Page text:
Opening access to free legal help

by Tracy Kalytiak  |   

Seven years after moving here from Nigeria, Kenneth Odia and his wife bought a home in Anchorage.

Kenneth Odia, left, sought help from Alaska Legal Services Corp. attorney James J. Davis Jr. when a bank threatened to foreclose on his home. (Photo by Philip Hall/UAA)

Kenneth Odia, left, sought help from Alaska Legal Services Corp. attorney James J. Davis Jr. when a bank threatened to foreclose on his home. (Photo by Philip Hall/University of Alaska Anchorage)

Kenneth drove a cab while his wife worked as a personal-care assistant. They earned enough to make the house payments until the bank started adding a monthly charge for insurance the Odias neither needed nor wanted. The extra insurance nudged the Odias' monthly payment above what the couple could afford. They missed some payments and struggled to find a way to get back on track. The bank foreclosed on the Odias' house, sold the Odias' home to itself in the foreclosure sale, then filed an eviction notice to evict the couple and their three young children.

"I talked to the lenders," said Odia, a UAA student pursuing a master's degree in engineering management. "They said I could apply for modifications. I applied many times but they would not do modification even though I'm qualified. I had to find a lawyer because my home was going into foreclosure, but I didn't have enough money to pay lawyers."

Giving a hand up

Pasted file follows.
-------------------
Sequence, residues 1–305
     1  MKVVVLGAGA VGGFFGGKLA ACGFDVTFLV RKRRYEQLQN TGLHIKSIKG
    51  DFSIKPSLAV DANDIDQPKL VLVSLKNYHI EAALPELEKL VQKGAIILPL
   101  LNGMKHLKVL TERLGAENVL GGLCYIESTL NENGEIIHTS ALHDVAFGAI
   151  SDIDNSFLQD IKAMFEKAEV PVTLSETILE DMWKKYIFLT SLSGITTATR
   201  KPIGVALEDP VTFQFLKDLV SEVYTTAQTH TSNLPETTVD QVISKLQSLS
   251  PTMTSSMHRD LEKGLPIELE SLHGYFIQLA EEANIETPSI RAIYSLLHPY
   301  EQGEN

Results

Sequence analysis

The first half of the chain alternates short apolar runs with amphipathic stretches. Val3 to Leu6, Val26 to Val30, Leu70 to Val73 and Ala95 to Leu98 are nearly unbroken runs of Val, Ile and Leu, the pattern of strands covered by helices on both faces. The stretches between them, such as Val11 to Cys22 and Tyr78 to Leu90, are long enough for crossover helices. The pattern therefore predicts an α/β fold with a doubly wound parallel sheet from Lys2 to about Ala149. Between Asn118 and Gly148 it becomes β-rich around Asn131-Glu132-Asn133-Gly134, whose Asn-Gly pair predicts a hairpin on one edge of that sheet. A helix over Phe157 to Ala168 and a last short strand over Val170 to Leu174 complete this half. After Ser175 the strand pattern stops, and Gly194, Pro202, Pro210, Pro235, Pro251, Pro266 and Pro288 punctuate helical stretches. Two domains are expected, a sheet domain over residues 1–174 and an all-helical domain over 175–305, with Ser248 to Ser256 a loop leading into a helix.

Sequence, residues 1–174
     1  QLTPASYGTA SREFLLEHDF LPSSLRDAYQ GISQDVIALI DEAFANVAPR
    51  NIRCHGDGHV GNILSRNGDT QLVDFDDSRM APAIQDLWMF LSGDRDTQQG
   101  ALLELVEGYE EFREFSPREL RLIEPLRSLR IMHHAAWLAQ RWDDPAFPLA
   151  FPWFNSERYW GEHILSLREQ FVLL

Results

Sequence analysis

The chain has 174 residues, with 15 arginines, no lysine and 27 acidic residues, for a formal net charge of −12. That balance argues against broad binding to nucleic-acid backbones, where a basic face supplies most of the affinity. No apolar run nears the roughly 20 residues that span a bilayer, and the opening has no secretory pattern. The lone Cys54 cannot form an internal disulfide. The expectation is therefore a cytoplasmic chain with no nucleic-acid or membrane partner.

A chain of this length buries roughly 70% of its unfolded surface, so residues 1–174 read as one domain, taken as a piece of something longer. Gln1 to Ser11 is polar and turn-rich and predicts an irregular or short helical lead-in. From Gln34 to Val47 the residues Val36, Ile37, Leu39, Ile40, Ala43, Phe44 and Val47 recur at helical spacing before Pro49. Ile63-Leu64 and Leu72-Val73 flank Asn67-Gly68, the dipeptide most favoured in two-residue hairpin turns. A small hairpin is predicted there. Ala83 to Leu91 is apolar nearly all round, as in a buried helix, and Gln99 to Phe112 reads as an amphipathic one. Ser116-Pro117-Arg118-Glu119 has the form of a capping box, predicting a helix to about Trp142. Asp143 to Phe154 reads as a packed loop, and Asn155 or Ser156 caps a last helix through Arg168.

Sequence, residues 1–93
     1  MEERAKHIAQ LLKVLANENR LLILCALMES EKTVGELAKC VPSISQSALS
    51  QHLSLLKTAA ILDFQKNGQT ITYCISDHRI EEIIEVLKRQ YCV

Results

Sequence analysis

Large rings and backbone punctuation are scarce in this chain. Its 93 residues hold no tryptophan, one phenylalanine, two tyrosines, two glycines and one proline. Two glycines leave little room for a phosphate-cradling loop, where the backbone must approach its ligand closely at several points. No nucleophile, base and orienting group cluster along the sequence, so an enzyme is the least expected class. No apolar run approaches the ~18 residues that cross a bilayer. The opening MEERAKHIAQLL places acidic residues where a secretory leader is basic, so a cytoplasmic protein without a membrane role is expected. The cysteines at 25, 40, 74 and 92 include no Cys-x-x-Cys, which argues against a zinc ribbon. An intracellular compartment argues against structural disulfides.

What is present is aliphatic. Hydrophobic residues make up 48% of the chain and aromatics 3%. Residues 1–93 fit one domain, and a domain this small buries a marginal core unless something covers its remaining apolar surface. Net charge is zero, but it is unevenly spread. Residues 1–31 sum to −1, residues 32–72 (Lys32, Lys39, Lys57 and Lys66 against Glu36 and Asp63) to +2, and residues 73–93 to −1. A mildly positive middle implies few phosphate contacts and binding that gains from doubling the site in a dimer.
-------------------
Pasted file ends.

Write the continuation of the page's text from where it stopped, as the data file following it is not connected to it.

While listening to the radio, Odia heard about Alaska Legal Services Corp. and learned it provides free legal help for people needing assistance with foreclosures and other civil cases. He called, and ALSC lawyer James J. Davis Jr. took the case.

Davis sued the bank, arguing the foreclosure and threatened eviction were illegal because Odia had repeatedly applied to the federal foreclosure avoidance program and because the insurance costs should never have been imposed by the bank on the Odias. ALSC successfully blocked the eviction so the Odia family could stay in their home. And recently, after months of hard-fought litigation, the bank finally agreed to review Odia's loan-modification application in an effort to keep the family in their home and avoid further litigation.

UAA's Center for Community Engagement & Learning is hosting a Think Tank session Feb. 5, spotlighting Alaska Legal Services Corp.'s efforts to provide free legal help to people throughout Alaska. The session will take place in the UAA/APU Consortium Library's Room 307 from 11:30-12:45 p.m.

Its focus question will be: How can our community bridge the civil legal justice gap in Alaska-the gap between the level of legal assistance available and the level necessary to meet the needs of low-income people?

CCEL's Think Tanks help nonprofit agencies engage with UAA students, faculty, staff and community individuals to achieve change.

"The idea was, all these nonprofits we work with all have something they're dealing with," Judith Owens-Manley, CCEL director, said. "These are social issues, so how would we as a community brainstorm these issues together?"

Accessing justice

Founded as a nonprofit organization in 1967, ALSC's 26 attorneys work in 11 offices throughout Alaska. ALSC provides civil legal services to low-income and disadvantaged people to ensure meaningful access to justice for all Alaskans-not just those who can afford it. In Alaska, 179,429 people live below 200 percent of the federal poverty level and are potentially eligible for ALSC services.